Reference Checking & Your Job Search

You might be concerned about your references for a variety of reasons–uncertainty about what former employers will say, how they’ll say it, whether anyone might respond to inquiries with a negative reference, and so on. Especially if you left your last position under less than ideal circumstances–either voluntarily or involuntarily for reasons you weren’t happy about, you might have genuine reasons for concern.

References–What You Can Control & What You Can’t

To start with, you can provide potential employers with a list of references that includes people who know your work and respect what you’ve accomplished–and, of course, have indicated their willingness to act as a reference for you. That much you can control.

What you can’t control is factors such as the prospective employer’s reference checker going beyond the list you’ve provided to contact other people at your former employer whom you haven’t asked as references and who might have undesirable comments to make about you or your work. Because employers know you’re only going to provide references that will speak favorably about you, they can tend to view your list with a dose of skepticism and want to dig deeper and wider.

In today’s litigious society, companies have gotten more cautious about giving references that could open them up to a lawsuit. That doesn’t mean, unfortunately, that you’re home-free if you had an unsatisfactory departure for some reason. It’s possible, for instance, for someone to respond like this: “Oh, yes, he/she worked here as a [position title] from 2012 to 2015.” It looks innocuous enough in print, but if said in a tone of voice that indicates lack of enthusiasm about you or maybe even hints at actual dissatisfaction with your work, the damage could be done without your ever knowing it.

Can you control that? Not really, at least not much. One obvious course is to line up a few references who can provide information that’s solidly grounded in fact and that clearly demonstrates the stellar record you’ve achieved while working with or for them. Nice-sounding but basically general reference responses won’t cut it in this case.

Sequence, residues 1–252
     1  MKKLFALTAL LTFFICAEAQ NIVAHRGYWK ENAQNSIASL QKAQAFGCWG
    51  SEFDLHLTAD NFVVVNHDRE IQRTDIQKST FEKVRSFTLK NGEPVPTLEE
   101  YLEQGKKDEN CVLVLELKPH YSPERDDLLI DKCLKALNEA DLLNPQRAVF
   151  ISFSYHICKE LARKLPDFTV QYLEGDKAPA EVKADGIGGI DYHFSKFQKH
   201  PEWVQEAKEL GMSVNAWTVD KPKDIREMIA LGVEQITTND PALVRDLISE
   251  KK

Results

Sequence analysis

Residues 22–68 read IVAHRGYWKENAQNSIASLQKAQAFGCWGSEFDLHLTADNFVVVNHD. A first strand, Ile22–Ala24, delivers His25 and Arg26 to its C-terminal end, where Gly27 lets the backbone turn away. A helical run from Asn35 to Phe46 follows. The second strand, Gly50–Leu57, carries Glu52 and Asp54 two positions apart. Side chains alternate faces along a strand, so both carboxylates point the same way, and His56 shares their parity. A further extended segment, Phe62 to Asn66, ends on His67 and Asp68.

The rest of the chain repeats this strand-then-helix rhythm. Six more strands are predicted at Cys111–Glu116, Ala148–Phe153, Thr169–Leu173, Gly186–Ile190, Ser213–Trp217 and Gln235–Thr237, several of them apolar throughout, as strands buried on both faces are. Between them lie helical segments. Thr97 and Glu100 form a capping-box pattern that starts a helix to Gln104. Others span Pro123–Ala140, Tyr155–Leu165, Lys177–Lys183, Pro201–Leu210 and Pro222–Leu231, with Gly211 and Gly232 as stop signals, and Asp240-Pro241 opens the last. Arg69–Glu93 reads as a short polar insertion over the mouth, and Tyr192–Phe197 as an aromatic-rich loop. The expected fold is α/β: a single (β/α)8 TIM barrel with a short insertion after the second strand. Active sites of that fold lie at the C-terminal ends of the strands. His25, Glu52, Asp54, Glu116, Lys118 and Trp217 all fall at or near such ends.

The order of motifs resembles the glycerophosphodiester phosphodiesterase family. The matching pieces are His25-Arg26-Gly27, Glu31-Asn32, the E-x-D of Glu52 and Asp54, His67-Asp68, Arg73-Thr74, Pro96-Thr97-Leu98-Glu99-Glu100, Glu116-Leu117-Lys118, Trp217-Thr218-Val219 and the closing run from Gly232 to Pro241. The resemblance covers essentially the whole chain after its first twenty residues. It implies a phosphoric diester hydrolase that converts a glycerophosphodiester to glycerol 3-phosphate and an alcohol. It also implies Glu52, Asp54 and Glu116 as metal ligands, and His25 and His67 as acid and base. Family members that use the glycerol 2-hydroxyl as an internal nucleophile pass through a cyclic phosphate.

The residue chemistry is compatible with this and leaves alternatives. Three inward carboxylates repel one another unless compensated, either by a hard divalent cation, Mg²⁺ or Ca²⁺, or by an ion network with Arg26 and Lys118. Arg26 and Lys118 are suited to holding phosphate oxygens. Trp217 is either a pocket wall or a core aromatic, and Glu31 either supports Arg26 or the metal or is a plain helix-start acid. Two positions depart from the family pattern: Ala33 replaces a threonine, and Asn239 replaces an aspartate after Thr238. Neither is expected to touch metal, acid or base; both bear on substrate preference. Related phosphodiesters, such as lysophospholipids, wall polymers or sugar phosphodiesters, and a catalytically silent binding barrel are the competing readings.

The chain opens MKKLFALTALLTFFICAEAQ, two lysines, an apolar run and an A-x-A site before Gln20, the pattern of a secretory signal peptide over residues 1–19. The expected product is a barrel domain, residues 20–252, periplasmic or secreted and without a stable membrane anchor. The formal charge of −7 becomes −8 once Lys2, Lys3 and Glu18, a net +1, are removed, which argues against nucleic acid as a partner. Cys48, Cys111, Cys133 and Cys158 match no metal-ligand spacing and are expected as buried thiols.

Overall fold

Reference Checking that “Blows It”

My old “friend,” Nick Corcodillos of Ask The Headhunter (he actually doesn’t know who I am; I just like his style and refer to him frequently), made some typically blunt comments about reference checking in a recent blog post, titled “Incompetent reference checking.” Among other things, he states:
“Asking for references seems dumb because it has been made trivial; so trivial that companies routinely outsource reference checks rather than do it themselves. (See Automated Reference Checks: You should be very worried.) They’re going to judge you based on a routine set of questions that someone else asks a bunch of people on a list. How ludicrous is that?”

If you want a hair-curling read, check out the entire article!

Although I think what he says makes sense in many ways, I’m going to diverge from it to say that I still recommend your having a reputable reference checking service do a test run for you if you have any reason to think people at your former employer might bad-mouth you in some way. The service I’m familiar with (used by many of my colleagues or their clients) is Alison & Taylor. However, there might be others that are worth checking out.

Is there any easy answer to this dilemma? Unfortunately, I don’t know of one. If you find a solution to the reference checking aspect that’s fool-proof for you and your job search, I’d love to hear it and maybe pass it along to my clients!

2 Comments on “Reference Checking & Your Job Search

  1. Georgia – I’m glad you pointed out the importance of checking one’s own references. While people can pay a service to do that, another approach is to have a manager you know do it for you. Just keep it legit. Knowing what people are saying about you is an important component of reputation management.